Tuesday, October 3, 2023

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Russia’s Offensive is Make or Break for General Behind Putin’s Plan

General Valery Gerasimov is the longest-serving chief of Russia’s General Staff—the country’s most senior military official—of the post-Soviet era. Since 2012, Gerasimov has headed a military that many deemed the second most potent in the world.

The veil of competence was lifted after February 24, 2022, when Russian tanks again rolled into Ukraine. One year later, the Russian military is depleted and humiliated, though still capable of mass destruction of Ukrainian settlements and lives.

Since early January, Gerasimov—who Ukraine claimed was wounded in an artillery strike in April—has been in command of President Vladimir Putin’s gambit, the fourth general overseeing the Kremlin’s “special military operation” since it began.

Another failure will forever blot the 67-year-old’s legacy. Experts told Newsweek that even Putin’s most senior commander would struggle to salvage victory from a war characterized by systemic Russian failures that festered under his watch.

“Before the war started, he was probably going to be not necessarily retiring from the military, but retiring from the position of General Staff,” Mark Galeotti, the author of Putin’s Wars: From Chechnya to Ukrainetold Newsweek.

“He was already beginning to pick out the kinds of jobs that tend to be how an ex-chief of the General Staff rusticates and coasts the last couple of years towards formal retirement,” Galeotti said. “I can’t help but suspect that his main priority will be not to mess things up so badly that he ends up in disgrace.

“But at the same time,” Galeotti continued, “he’s facing pressure from Putin to actually win something. Putin would be delighted if Gerasimov could take the whole of the Donbas, but I don’t think he’s expecting that. But he does, I think, expect a few trophies: Bakhmut and maybe something else.”

Newsweek has contacted Russia’s Defense Ministry by email to request comment.

It’s difficult to see what Gerasimov can offer that Russia’s previous invasion commanders could not, even with his many years of experience. “They’ve used their supply of what they thought were silver bullets,” Mark Voyger, a former special adviser for Russian and Eurasian affairs to then-commander of US Army Europe General Ben Hodges, told Newsweek.

“I don’t know what construct he can propose to fix something that’s deeply flawed at the operational and tactical level,” Voyger—now a non-resident senior fellow at the Center for European Analysis and professor at the American University of Kyiv—added . “I don’t think he can conjure up anything that’s dramatically different that can turn the tide of the war.”

Russia evidently still has some capacity for offensive operations after a year of high casualties, rapid equipment attrition, and multiple retreats. Moscow’s troops are again pushing for new ground in the eastern Donetsk region around Bakhmut, while reportedly also preparing and launching new assaults along the southern front line near Zaporizhzhia and the northeastern front near Kreminna.

US Chairman of the Joint Chiefs of Staff General Mark Milley said last month that Russia has “strategically, operationally, and tactically” lost the war. Moscow’s troops are still fighting, though grand ambitions of Ukrainian regime change are now distant. The spring offensive appears to have begun, but even its regional goals of occupying Donetsk and Luhansk oblasts seem ambitious.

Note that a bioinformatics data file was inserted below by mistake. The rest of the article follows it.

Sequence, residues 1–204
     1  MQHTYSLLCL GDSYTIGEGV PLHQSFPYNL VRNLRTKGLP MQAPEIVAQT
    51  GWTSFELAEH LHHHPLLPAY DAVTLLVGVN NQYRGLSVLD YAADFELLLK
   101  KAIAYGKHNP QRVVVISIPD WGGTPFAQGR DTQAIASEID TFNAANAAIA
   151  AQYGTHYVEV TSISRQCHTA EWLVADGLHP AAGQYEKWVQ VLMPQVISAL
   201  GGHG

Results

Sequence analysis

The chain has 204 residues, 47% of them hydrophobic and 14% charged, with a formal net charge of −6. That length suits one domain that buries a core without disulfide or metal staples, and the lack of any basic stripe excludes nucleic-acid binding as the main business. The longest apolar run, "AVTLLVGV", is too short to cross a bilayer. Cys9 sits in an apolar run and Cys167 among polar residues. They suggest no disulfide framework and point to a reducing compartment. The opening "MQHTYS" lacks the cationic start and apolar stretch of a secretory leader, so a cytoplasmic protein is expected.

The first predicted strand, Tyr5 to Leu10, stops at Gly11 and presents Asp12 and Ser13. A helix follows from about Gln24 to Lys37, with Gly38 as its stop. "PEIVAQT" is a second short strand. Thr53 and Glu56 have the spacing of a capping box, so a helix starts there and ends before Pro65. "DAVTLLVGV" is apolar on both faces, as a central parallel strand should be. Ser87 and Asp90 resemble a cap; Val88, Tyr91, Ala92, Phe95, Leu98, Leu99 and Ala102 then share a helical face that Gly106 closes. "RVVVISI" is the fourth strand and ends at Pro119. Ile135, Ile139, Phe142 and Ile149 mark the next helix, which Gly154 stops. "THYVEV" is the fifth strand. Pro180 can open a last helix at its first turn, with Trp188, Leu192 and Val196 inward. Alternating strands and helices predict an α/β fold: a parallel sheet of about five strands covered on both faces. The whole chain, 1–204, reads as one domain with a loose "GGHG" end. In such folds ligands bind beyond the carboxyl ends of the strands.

“The kind of feedback that we’re getting from Ukrainian generals, but also from Western defense analysts is that it was probably rushed, that it was launched before they were truly ready, before the mobilized reservists who are being brought in to bring units back up to strength probably had a chance to integrate with the new units,” Galeotti said of Gerasimov’s new assault.

“They’re going to have some armies operating under very, very demanding political constraints.”

Putin had to make a move to show Russia still could. Gerasimov has to make a move, Galeotti said, “to show that he was an offensive-minded general,” unlike General Sergey Surovikin who preceded him.

Surovikin—known as “General Armageddon” and “The Butcher of Syria” for brutality in suppressing rebels fighting against Syrian President Bashar al-Assad—oversaw the retreat from Kherson in September, widely considered a successful Russian defensive operation.

“It’s clearly the case that Surovikin was removed because he wasn’t seen as sufficiently aggressive,” Galeotti said. “My view is, if Surovikin was not aggressive enough for you, then good god, what are you expecting?”

There has been much debate about the so-called “Gerasimov Doctrine,” a term coined by Galeotti in 2014 based on a 2013 article published by Gerasimov in which observers suggested the Russian general had laid out a new approach to modern warfare.

The supposed doctrine proposed the heavy incorporation of hybrid methods to augment conventional warfare by destabilizing an opponent and obfuscating Russian military intentions.

Galeotti himself has since disavowed the concept, and scholars have suggested that Gerasimov’s famed 2013 article is better understood as an appeal to Russian theorists to help create a new military approach based on a Russian understanding of Western modern warfare as exhibited in Afghanistan, Iraq, Libya , and elsewhere.

Gerasimov’s article is also thought to have been influenced by the Arab Spring and the pro-democratic “color revolutions” that Moscow has long claimed as products of Western covert action.

General Valery Gerasimov is the longest-serving chief of Russia’s General Staff—the country’s most senior military official—of the post-Soviet era. Since 2012, Gerasimov has headed a military that many deemed the second most potent in the world.

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